Doing pizzicatos is one thing, but the transition between arco and pizzicato (in either direction), especially when it has to be done quickly, can be quite problematic.
Most of the difficult (fast) changes between arco and pizzicato that we will come across will be in the orchestral repertoire – especially in operas. These situations can fortunately be resolved very easily by simply organising a “divisi” in which one side of the section plays the pizz and the other plays the arco. In other words, one side of the section plays the “old” movement all the way to the end (whether it be pizz or arco) but misses out on the start of the new movement, while the other side does the exact opposite (starting the new movement at the correct moment but missing out on the end of the old movement). That way all the notes – both arco and pizz – are sounded without anyone having to do any circus tricks. On paper it sounds perhaps complex, but in reality it couldn’t be more simple. Unfortunately this level of initiative is rarely to be found in orchestras where a military ethic of “following instructions to the absolute letter no matter what the difficulty” tends to prevail.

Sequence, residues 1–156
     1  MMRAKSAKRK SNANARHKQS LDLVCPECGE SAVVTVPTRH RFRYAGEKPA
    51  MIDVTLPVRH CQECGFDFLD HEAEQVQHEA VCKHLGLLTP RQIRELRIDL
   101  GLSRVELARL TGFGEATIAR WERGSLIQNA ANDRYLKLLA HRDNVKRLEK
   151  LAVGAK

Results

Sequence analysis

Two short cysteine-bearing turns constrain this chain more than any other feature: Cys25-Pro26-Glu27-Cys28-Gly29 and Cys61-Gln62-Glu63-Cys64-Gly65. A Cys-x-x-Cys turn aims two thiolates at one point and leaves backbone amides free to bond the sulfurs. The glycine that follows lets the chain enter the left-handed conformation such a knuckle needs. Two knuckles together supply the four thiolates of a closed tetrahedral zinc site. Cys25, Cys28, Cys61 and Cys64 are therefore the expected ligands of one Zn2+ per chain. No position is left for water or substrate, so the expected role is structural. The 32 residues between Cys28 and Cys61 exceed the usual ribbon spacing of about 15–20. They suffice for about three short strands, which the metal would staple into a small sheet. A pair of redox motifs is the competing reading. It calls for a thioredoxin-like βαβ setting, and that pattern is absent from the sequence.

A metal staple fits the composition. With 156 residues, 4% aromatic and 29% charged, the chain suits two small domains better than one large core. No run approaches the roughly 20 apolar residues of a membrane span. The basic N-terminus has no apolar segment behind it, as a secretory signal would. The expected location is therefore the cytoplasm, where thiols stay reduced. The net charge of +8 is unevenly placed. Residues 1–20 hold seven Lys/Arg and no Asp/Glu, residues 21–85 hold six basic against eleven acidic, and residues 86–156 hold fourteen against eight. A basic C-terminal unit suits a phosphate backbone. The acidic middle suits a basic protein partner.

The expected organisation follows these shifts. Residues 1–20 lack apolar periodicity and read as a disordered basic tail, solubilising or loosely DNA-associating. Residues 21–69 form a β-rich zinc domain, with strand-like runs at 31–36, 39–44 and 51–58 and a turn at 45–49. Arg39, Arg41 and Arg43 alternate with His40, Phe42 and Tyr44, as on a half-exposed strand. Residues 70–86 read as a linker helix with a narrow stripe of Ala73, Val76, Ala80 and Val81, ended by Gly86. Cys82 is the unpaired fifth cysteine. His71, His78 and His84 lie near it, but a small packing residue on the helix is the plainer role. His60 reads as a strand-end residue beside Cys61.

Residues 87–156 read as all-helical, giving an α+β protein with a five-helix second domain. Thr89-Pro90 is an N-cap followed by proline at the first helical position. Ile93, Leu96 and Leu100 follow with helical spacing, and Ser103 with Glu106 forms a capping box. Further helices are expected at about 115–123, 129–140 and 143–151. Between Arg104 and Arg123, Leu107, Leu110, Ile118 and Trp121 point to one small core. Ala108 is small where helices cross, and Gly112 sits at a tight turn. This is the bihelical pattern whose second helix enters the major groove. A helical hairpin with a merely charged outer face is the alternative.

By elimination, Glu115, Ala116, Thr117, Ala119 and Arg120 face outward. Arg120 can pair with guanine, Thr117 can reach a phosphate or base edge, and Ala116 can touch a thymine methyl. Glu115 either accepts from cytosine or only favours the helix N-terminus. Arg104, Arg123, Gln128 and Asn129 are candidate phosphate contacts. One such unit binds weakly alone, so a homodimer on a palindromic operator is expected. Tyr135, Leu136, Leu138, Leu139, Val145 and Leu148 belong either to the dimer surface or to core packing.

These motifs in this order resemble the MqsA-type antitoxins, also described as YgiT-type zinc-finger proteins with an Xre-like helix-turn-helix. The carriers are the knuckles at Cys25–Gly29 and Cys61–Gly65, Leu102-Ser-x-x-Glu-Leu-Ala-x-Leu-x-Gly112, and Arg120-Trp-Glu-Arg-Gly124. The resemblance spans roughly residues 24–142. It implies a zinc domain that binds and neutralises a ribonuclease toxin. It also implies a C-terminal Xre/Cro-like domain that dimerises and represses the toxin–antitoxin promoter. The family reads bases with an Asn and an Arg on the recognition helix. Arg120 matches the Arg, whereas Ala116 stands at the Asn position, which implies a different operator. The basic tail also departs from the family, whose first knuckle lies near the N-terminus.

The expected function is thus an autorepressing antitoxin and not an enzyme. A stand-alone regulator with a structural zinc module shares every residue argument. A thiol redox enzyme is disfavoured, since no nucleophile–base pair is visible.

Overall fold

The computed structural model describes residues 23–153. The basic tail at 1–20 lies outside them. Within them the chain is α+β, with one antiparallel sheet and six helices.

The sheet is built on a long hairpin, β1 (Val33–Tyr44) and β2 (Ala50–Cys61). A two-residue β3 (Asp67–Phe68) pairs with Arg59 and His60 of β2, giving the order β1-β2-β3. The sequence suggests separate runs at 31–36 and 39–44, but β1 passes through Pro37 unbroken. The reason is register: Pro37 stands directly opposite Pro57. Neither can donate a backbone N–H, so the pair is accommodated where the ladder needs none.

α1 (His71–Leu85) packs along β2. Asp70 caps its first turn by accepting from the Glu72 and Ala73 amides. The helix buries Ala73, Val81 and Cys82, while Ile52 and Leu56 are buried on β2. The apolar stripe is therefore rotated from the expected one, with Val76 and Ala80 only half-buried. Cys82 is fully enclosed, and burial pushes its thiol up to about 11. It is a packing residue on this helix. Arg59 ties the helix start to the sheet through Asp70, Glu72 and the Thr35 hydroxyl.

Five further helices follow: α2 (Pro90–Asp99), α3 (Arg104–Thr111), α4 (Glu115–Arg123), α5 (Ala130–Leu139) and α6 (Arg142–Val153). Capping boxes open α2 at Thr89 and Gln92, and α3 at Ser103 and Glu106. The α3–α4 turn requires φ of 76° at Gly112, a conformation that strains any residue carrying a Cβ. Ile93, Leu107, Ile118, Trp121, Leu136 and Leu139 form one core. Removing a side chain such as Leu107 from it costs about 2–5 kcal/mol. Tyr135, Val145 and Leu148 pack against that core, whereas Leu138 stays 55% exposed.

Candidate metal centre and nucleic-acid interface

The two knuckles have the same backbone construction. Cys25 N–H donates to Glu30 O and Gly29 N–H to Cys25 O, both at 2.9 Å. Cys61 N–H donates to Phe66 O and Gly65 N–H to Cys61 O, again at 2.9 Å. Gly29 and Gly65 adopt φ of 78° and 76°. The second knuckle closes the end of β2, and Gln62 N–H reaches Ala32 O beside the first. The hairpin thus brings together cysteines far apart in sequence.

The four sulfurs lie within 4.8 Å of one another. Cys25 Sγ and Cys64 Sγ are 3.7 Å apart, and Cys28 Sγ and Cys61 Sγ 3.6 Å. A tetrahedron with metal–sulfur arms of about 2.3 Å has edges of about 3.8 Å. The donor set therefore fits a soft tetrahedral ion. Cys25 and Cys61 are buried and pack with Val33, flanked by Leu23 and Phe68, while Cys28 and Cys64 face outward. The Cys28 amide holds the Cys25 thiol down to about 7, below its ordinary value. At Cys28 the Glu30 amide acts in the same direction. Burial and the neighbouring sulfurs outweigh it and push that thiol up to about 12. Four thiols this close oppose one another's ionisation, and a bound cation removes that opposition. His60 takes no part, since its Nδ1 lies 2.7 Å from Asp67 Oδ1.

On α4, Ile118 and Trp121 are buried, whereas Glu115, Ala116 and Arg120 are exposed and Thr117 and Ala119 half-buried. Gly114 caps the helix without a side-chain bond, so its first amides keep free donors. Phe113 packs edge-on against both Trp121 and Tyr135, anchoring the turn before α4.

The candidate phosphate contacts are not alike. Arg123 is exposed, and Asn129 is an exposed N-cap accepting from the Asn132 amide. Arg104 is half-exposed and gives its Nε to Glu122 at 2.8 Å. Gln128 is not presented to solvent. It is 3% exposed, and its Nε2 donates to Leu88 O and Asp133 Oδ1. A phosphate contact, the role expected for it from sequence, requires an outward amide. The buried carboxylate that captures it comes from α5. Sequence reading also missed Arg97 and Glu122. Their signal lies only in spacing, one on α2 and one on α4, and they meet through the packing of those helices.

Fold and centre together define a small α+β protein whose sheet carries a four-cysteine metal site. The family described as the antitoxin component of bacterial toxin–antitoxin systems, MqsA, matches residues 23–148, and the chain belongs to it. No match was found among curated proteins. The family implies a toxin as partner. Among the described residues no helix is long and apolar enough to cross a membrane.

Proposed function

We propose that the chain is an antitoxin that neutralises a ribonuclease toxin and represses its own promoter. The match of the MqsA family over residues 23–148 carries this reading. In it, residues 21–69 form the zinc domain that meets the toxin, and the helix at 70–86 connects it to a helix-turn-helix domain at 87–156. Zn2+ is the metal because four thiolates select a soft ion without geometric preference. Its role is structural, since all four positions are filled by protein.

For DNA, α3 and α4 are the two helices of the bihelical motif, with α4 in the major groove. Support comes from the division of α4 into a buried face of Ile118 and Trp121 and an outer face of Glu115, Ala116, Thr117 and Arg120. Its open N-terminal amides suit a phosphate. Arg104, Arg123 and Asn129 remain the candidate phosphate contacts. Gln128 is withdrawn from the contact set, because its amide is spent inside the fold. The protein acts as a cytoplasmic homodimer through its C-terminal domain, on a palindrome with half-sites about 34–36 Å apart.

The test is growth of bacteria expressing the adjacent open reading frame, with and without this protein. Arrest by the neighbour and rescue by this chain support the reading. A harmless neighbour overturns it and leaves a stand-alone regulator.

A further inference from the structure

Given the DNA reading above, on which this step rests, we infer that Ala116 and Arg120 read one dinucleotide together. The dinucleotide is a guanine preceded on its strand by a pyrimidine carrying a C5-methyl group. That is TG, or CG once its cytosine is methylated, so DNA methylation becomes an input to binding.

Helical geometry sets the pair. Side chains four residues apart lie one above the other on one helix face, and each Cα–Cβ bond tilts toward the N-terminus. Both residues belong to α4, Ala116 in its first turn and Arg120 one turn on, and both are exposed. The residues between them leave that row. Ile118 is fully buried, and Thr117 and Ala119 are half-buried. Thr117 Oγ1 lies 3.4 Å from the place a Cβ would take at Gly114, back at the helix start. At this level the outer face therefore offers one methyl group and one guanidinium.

If you are the only cellist playing your line then it is not possible to make use of this type of intelligent cooperation to eliminate the problem. Now we actually have to solve the problem with our own physical dexterity (and a little bit of thinking as well). So, how can we do this?
To begin with, we can organise our bowings in such a way that an up-bow (rather than a down-bow) comes before the pizz. This favours the transition from arco to pizz because an up-bow will always tend to bring our right hand towards the strings (which is where it needs to be in order to do a pizzicato).